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Thread: /j/

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    #11

    Re: /j/

    Quote Originally Posted by fivejedjon View Post
    No.
    The semi-vowel /j/ is considered a distinct phoneme, as are the vowels /i(:)/ and /I/
    /ʌnɪən/ is not the same as /ʌnjən/
    /j/ technically is a not a vowel, so in words like onion it is basically a /ɪ/ followed by a vowel.

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    #12

    Re: /j/

    Quote Originally Posted by devonpham1998 View Post
    But what is the difference between /i/ and /I/?
    Listen to the difference here. Scroll down to "Audio samples".

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    #13

    Re: /j/

    Quote Originally Posted by devonpham1998 View Post
    I have a question. Why the /j/ in "university" /ju:nɪ'vɜ:sətɪ/ is pronunced "J" but the /j/ in "onion" /'ʌnjən/ is pronunced "i"? Why "onion" is not /'ʌnɪən/?
    Not sure if you had people answer you clearly.

    /j/ is a semi-vowel. It's produced from the tip of the tongue, but it has the characteristic of a consonant.

    /i/ is exactly a full vowel--giving an extra syllable.

    When you pronounce /ju:nɪ'vɜ:sətɪ/, the tip of the tongue slides from /i/ position to /u/ position.

    Some old dictionary used to give the pronunciation with /'ʌnjən/ because of the blend of /i/ and /ə/. However, if you give the pronunciation of /'ʌnɪən/, the word is divided into 3 syllables, rather than 2.

    Hope that helps.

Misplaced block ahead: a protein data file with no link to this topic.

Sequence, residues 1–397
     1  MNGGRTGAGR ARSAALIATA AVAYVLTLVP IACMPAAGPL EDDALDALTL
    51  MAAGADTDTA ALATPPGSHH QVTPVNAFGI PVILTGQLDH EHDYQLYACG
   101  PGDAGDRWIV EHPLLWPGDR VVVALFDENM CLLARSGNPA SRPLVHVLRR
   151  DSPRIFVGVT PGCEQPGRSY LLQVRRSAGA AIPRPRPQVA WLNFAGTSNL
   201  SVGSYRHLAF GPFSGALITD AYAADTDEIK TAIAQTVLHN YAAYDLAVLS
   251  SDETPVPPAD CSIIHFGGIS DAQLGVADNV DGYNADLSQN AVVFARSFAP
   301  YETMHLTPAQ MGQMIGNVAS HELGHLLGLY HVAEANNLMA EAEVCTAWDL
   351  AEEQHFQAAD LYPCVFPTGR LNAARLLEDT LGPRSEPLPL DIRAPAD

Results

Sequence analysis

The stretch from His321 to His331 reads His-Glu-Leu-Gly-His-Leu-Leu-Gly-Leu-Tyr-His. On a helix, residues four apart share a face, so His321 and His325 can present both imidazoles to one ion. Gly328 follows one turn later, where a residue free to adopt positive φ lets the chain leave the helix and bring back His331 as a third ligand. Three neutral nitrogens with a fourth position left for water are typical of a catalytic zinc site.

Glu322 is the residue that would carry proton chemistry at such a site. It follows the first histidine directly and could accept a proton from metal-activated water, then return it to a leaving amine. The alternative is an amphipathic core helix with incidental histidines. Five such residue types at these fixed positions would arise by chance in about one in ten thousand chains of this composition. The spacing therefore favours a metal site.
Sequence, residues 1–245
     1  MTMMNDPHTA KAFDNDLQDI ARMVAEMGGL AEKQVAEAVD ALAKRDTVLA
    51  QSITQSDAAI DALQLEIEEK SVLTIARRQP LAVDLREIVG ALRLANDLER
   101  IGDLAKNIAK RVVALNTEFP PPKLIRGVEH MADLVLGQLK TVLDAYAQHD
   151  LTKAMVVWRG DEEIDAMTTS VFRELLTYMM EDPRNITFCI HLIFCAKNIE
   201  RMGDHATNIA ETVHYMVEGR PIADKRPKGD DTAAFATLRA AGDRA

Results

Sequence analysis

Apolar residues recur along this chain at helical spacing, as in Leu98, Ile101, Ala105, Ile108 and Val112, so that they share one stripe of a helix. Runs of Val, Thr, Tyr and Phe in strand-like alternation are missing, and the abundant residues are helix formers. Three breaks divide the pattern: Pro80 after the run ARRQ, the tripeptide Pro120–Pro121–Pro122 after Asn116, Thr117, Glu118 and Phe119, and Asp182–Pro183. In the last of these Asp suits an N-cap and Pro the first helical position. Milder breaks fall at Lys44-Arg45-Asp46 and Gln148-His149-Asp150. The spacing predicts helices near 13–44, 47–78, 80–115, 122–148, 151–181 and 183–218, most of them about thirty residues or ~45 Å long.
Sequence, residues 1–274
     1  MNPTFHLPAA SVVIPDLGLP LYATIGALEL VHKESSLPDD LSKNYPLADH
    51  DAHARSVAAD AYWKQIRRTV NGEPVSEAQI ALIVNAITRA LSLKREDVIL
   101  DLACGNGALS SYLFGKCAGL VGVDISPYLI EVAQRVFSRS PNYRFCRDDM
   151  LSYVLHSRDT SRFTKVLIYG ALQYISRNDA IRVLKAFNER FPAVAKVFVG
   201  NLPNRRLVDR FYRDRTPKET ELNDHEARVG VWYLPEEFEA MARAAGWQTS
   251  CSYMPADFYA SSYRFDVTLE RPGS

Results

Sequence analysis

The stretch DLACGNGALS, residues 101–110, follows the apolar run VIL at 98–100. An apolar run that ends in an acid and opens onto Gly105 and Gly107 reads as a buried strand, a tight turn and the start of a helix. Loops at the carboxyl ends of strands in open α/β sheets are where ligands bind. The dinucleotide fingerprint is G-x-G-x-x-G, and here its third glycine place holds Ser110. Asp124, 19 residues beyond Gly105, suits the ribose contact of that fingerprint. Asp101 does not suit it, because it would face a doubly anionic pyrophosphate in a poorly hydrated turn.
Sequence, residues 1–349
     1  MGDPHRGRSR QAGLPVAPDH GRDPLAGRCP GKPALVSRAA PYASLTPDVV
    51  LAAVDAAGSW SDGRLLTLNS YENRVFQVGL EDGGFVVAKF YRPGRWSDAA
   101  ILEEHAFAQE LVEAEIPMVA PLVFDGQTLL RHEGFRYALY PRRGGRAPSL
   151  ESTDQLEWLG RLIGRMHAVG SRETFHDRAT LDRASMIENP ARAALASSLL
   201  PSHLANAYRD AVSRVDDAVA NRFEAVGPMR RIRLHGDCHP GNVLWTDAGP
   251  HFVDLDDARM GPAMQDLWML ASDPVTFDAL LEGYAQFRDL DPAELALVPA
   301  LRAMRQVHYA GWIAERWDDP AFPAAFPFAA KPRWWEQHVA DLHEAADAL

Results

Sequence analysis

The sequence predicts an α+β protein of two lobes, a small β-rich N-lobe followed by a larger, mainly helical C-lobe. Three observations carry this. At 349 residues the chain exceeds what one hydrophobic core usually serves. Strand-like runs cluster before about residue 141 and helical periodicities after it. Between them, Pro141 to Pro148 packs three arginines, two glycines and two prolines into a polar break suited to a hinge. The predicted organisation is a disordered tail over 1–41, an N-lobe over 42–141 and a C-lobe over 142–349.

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    #14

    Re: /j/

    Quote Originally Posted by devonpham1998 View Post
    But what is the difference between /i/ and /I/?
    If you study the RP, you will find out that some speakers distinguish the /i/, /I/ and /i:/.

    The IPA uses /i/ in diphthongs, such as /iә/ or /aiә/. I can't recall most of the excerpt from those books, but you might want to search publications by Oxford or Cambridge, esp. those older than 1990s.

    Nowadays many RP speakers only pronounce /i:/ and /I/.

    Oh, and I forget. Words in plural, such as cases or passes, are used to be represented as /'keisIz/ and /'pɑ:sIz/ for the RP, but for Americans, they use the /'keisәz/ and /'pæ:sәz/

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    #15

    Smile Re: /j/

    It seems to be hard to distinguish the vowels. I will try to find out more about it. Anyway, thank to all of you! :)

    D

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    #16

    Re: /j/

    Quote Originally Posted by okkttsk View Post
    The IPA uses /i/ in diphthongs, such as /iә/ or /aiә/.
    Did you mean that IPA uses /ɪ/ in those positions?
    ə/ as in 'here', /aɪə/ as in 'fire', etc.

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